U.S. Announces Its Withdrawal from Protocol of Vienna Convention over Jerusalem Embassy Lawsuit
U.S. National Security Adviser John Bolton (Photo Credit: PTI)

The U.S. has decided to withdraw from the “optional protocol” on disputes resolution of the Vienna Convention, National Security Adviser John Bolton announced on Wednesday. He said this decision comes as the Trump Administration believes that the International Court of Justice (ICJ) was interfering and stepping on the U.S's sovereignty citing a Palestinian lawsuit challenging America's move to shift its embassy from Tel Aviv to Jerusalem as the reason.

"This is in connection with a case brought by the so-called state of Palestine naming the United States as a defendant, challenging our move of our embassy from Tel Aviv to Jerusalem," he said.

The announcement by the National Security Advisor came soon after U.S. Secretary of State Mike Pompeo announced to terminate the 1955 Treaty of Amity with Iran after the ICJ held up some of Tehran’s charge against the U.S. based on this treaty.

Citing this ruling, Bolton said that “Iran had made a mockery of the 1955 treaty with its support for terrorism, provocative ballistic missile proliferation and malign behaviour throughout the Middle East.” "In addition to the Treaty of Amity, I am announcing that the president has decided that the United States will withdraw from the Optional Protocol and Dispute Resolution to the Vienna Convention on Diplomatic Relations," Bolton said.

Bolton, simultaneously underscored that the U.S. remained a party to the underlying Vienna Convention on Diplomatic Relations, and it expects all other parties to abide by their international obligations under the convention.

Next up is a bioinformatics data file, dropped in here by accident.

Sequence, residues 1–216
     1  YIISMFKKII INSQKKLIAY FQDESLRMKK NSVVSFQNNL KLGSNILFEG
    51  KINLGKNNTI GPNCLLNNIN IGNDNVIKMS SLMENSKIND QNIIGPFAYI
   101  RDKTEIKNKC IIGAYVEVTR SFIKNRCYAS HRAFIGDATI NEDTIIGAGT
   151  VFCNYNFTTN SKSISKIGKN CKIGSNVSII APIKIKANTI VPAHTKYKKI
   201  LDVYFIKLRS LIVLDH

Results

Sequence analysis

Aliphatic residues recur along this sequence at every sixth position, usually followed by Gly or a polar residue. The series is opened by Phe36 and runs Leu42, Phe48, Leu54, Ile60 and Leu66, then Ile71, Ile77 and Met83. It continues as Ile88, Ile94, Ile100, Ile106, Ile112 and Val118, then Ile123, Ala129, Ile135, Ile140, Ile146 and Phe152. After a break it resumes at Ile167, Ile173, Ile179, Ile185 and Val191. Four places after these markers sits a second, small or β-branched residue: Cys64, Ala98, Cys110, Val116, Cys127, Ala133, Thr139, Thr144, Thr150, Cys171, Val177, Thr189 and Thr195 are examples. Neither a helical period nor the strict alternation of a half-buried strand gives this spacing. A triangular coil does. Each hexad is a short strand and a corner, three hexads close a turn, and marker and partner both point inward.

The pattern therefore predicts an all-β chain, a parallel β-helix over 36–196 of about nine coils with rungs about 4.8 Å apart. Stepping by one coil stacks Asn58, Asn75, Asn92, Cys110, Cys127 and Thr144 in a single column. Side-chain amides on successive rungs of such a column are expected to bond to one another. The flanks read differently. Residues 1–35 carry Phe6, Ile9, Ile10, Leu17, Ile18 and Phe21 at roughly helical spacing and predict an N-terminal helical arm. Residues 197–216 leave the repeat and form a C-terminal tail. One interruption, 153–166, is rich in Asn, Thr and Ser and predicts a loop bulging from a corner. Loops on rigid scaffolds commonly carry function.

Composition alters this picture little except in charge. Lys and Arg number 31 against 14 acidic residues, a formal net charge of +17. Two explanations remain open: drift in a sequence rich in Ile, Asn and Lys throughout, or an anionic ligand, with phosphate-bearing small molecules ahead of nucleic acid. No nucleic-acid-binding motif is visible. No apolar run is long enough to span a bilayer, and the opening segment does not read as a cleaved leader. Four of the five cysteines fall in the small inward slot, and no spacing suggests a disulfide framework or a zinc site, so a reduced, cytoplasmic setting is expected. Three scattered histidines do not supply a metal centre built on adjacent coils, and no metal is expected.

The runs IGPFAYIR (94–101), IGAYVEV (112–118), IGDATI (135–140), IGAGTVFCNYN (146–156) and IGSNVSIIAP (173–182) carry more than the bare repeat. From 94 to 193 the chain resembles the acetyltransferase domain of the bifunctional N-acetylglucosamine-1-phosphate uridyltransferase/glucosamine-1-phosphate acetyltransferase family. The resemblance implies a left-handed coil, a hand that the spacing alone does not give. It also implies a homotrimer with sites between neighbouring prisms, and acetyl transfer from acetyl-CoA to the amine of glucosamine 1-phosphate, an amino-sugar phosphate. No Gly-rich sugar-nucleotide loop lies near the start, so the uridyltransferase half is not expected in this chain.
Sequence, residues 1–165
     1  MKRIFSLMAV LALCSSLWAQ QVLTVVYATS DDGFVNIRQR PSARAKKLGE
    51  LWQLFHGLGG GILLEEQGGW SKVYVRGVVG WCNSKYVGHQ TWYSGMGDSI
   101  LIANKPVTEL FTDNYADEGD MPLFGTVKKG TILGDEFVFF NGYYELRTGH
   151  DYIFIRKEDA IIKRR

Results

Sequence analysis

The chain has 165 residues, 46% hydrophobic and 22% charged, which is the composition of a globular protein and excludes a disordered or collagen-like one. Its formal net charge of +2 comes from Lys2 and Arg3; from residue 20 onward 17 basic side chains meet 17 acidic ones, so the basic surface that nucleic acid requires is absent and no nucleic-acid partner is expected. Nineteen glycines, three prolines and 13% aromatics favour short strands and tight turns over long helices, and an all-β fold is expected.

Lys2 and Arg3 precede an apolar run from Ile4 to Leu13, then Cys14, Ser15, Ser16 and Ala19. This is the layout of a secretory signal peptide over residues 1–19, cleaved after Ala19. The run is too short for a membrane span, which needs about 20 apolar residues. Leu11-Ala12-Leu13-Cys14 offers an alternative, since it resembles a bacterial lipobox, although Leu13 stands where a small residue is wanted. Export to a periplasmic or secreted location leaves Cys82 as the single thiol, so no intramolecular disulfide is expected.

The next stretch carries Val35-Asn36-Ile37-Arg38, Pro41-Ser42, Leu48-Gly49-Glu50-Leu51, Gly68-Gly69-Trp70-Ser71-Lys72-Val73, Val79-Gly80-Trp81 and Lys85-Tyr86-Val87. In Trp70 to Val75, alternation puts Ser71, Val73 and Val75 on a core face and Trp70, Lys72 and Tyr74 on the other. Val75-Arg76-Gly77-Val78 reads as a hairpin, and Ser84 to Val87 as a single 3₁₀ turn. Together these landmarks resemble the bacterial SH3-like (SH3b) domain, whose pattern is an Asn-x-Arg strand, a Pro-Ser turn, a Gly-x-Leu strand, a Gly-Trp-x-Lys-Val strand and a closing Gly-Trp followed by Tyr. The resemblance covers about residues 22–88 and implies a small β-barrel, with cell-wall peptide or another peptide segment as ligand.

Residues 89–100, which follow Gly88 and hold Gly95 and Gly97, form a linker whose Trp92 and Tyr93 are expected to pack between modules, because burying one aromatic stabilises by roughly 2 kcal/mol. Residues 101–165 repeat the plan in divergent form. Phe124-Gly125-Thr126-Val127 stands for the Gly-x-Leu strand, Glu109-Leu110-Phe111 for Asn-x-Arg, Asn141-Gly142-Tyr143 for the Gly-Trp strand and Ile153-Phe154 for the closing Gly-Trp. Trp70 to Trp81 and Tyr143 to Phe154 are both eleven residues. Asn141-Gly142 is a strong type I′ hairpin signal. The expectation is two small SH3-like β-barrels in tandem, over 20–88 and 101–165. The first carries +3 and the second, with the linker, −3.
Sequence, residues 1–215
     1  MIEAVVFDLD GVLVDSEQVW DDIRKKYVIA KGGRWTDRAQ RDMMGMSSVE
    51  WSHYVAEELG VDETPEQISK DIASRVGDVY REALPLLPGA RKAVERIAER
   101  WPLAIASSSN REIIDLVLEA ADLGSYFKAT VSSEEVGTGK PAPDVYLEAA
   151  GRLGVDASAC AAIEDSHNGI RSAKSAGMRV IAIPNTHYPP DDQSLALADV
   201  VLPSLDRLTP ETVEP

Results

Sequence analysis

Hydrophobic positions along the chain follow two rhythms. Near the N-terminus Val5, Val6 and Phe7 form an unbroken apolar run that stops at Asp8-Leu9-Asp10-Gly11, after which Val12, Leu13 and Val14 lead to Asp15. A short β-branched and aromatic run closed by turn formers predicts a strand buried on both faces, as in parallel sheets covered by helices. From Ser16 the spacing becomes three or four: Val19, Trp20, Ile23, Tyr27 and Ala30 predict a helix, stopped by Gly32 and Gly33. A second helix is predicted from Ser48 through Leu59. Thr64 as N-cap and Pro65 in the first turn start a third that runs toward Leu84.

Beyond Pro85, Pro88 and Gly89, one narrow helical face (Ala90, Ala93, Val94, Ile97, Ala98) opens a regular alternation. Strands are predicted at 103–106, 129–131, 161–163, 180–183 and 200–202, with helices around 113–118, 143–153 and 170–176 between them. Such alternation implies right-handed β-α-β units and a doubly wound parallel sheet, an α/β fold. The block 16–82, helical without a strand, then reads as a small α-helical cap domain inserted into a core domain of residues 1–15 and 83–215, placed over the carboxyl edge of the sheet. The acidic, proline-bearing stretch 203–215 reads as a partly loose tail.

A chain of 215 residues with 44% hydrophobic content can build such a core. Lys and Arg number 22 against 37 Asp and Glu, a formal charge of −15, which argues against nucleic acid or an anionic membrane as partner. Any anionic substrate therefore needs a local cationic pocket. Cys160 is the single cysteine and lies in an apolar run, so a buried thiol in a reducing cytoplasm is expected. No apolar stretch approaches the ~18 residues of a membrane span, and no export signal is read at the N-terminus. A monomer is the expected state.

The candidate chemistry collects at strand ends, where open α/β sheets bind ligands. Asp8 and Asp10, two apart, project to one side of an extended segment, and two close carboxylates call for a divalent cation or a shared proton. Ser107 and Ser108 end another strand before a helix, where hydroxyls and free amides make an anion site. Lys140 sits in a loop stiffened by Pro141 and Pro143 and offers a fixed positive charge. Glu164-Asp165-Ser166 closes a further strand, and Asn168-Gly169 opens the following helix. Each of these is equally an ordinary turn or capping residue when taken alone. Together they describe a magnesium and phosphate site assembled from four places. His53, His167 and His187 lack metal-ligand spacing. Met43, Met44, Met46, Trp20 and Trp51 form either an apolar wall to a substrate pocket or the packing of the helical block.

The top Trump administration official insisted that the two actions were consistent with the decisions former U.S. President Ronald Reagan made in the 1980s in the wake of the politicised suits against the U.S. by Nicaragua to terminate its acceptance of the Optional Compulsory Jurisdiction of the International Court of Justice under Article 36-2 of the ICJ statute, and his decision to withdraw from a bilateral treaty with Nicaragua.

For 40 years, from 1946 to 1986, the United States accepted the general jurisdiction of the International Court of Justice in all kinds of cases against other nations that had also agreed to the court's jurisdiction. After an unfavorable ruling from the court in 1986 over the mining of Nicaragua's harbors, the United States withdrew from the court's general jurisdiction.

"It is also consistent with the decision President Bush made in 2005 to withdraw from the Optional Protocol to the Vienna Convention on Consular Relations following the ICJ's interference in our domestic criminal justice system," he said. In 2005, the U.S. withdrew from the “optional protocol” on Consular Relations after the ICJ ruled that American courts to grant "review and reconsideration" to claims that the death row inmates' cases had been hurt by the failure of local authorities to allow them to contact consular officials.

Bolton also said the administration was reviewing all international agreements that could expose it to binding decisions by the International Court of Justice saying it was politicised and ineffective.

This announcement comes barely a month after Bolton had lashed out at the ICJ and said the U.S. will use "any means necessary" to protect its citizens and allies from prosecution by the International Criminal Court (ICC).

The U.S. in May opened its embassy in Jerusalem under a controversial move by President Donald Trump, amid a bloodbath right on the border with Gaza where Israeli soldiers shot dead at least 52 Palestinians in clashes, in the deadliest escalation of violence since 2014.

President Donald Trump announced the decision to move the embassy from Tel Aviv to Jerusalem in December, when he formally recognised the holy city as the capital of Israel, breaking away from decades of U.S. neutrality on the sensitive issue. (With Agency Inputs)